The Krueger-Scott Mansion in Newark, New Jersey, has a history of immigrant and African-American entrepreneurship. The 40-room home was built in 1888 for German immigrant Gottfried Krueger, who made his fortune brewing beer. In 1958, Louise Scott purchased it to run a beauty school on the lower floors, while living in the rooms above. She is thought to be the first female African-American millionaire in New Jersey.
When Scott died in 1982, the imposing mansion passed to the city and it fell into significant disuse and disrepair. That is, until this September, when Newark Mayor Ras Baraka led a groundbreaking to transform the property into an innovative economic and housing development designed to give Newark entrepreneurs with limited resources access to affordable housing, office space and business support.
When the mansion re-opens in 2021 it will be known as a Makerhood, a term coined by Avi Telyas, an immigrant entrepreneur and real estate developer. Telyas worked five years with the city to refine a housing and economic development model he believes can scale to other cities.
“The way we plan and build our cities — the very urban fabric and built environment we have — poses too much of a challenge for a lot of folks, just renting a small space is very prohibitive,” Telyas says. “I thought about re-creating the Lower East Side we once had, a ‘living above the store’ model in which more people could try entrepreneurship if the barriers were lowered.”
Telyas presented his vision of “employment-oriented development” (a play off transit-oriented development) in a 2015 TedXJerseyCity talk. His idea was a development holding both affordable housing and affordable office and light manufacturing space, alongside support and resources for inhabitants to grow their business. The plan was to pilot the model in Jersey City, but after holdups he turned his attention to Newark.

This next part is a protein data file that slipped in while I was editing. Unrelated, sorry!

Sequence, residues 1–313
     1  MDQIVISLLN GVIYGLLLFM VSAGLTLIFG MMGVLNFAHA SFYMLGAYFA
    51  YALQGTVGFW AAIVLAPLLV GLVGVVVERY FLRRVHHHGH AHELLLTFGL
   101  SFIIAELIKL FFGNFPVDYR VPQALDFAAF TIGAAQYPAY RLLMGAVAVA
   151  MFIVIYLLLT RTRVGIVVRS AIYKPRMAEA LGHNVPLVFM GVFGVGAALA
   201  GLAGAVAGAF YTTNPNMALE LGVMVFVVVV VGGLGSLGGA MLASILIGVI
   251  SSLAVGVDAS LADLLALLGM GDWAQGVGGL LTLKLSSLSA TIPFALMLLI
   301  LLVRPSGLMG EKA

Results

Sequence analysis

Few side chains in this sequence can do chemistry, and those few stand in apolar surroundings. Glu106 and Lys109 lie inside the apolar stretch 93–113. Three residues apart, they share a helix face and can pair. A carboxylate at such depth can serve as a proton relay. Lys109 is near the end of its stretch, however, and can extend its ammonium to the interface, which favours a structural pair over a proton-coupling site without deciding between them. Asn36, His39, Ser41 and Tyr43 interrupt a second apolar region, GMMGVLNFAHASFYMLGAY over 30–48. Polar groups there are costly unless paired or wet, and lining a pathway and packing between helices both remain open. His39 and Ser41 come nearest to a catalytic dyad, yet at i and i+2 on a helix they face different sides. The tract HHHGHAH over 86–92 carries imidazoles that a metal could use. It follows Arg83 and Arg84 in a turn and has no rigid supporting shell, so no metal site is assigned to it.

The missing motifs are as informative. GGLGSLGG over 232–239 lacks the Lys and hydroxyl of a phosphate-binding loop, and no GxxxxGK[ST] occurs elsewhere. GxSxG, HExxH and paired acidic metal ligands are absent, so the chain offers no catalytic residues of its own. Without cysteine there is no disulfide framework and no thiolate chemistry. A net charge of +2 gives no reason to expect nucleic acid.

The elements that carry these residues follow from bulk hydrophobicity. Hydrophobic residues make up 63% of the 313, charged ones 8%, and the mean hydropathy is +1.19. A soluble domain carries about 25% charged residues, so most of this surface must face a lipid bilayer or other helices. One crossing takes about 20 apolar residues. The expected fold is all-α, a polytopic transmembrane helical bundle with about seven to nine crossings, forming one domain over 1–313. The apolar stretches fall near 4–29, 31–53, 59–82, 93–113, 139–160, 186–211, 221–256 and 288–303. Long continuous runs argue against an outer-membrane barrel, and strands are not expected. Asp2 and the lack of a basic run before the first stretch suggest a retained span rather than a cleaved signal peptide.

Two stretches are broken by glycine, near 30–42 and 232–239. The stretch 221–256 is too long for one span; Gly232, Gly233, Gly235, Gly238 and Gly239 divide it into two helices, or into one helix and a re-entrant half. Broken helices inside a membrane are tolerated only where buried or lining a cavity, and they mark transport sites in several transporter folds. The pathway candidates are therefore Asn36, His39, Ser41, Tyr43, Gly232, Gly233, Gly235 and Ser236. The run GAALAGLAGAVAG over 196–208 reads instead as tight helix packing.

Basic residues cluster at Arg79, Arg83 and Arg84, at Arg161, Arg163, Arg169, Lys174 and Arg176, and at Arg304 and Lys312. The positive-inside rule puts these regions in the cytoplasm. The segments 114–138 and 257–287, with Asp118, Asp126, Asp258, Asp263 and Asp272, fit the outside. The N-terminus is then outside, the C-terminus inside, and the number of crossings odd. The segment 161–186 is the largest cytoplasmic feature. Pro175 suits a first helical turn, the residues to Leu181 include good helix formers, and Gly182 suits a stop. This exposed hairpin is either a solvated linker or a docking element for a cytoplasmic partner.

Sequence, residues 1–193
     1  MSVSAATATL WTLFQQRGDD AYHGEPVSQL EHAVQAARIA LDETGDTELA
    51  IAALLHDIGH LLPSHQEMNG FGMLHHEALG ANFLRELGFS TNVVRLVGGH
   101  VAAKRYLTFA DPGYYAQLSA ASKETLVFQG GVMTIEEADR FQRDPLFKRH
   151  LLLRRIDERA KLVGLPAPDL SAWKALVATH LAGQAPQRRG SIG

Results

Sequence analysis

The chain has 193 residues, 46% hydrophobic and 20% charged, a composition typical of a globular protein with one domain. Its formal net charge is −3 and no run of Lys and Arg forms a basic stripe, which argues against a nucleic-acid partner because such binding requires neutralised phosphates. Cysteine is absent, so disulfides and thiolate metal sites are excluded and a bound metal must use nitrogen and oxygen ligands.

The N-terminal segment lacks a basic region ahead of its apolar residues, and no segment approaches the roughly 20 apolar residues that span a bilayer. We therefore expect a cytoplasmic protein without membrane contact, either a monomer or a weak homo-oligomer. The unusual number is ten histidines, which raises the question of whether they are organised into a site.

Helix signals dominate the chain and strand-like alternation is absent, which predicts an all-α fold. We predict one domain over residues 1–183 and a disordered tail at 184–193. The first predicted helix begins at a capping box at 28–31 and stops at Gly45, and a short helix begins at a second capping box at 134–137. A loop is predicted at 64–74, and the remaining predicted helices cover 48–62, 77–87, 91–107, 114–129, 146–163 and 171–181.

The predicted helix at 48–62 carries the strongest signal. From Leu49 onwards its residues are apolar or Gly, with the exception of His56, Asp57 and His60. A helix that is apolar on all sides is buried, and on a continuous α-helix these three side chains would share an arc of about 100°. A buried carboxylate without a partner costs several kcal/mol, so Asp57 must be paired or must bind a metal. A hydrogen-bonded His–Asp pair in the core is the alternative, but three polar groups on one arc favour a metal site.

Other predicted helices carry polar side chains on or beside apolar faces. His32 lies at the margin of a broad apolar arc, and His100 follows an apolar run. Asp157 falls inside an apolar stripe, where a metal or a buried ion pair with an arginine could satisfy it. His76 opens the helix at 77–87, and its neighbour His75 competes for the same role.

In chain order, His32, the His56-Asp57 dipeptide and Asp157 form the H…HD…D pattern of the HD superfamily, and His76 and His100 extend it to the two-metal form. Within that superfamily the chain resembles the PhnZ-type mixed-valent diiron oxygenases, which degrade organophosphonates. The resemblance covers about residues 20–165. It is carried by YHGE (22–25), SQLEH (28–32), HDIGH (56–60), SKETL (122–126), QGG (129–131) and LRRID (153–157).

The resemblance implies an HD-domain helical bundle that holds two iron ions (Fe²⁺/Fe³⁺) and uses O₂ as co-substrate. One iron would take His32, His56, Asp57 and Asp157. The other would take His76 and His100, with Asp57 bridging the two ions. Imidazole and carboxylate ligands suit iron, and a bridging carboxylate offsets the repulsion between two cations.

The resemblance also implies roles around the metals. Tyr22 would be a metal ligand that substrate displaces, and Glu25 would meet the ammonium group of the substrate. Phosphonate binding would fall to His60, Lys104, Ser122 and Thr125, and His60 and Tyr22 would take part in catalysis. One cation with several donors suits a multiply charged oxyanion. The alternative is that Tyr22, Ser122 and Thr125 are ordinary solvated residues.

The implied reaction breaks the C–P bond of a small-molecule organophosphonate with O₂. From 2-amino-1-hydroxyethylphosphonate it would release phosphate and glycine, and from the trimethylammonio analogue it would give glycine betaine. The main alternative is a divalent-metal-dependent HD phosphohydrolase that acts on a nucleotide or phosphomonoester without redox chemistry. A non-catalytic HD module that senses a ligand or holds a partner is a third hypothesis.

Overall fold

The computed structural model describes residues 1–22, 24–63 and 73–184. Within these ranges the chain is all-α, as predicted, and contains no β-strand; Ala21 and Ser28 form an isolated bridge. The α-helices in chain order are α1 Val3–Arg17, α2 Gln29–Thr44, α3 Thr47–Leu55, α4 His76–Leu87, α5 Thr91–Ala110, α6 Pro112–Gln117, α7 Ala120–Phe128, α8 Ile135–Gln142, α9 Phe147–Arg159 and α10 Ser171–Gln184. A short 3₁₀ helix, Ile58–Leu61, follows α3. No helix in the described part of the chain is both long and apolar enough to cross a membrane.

The idea had early support of Aisha Glover, at the time president and chief executive of the Newark Community Economic Development Corporation. She previously worked for the Brooklyn Navy Yard, which provides flexible space for small, artisanal businesses. The Makerhood proposal “reminded me of some of the businesses at the Brooklyn Navy Yard, that small-batch, artisanal vibe,” she says. “But I think there are a lot of misconceptions as to what that means as far as access to Black and Brown people and quality jobs.”
The goal in Newark was to support lower-income minority makers and small business owners through the Makerhood model. The Krueger-Scott Mansion felt like the perfect fit, Glover says: “The legacy of Black entrepreneurship was alive and well in that building.”
In 2015, the city signed a redevelopment agreement with Telyas. He then worked with city officials on a complicated funding, zoning and approvals process that spanned five years before the deal closed this year. “When we were doing our closing calls with various investors and lenders, there were 31 lawyers on the call,” he notes. “That’s how complex it is to develop a unique project in the urban center.”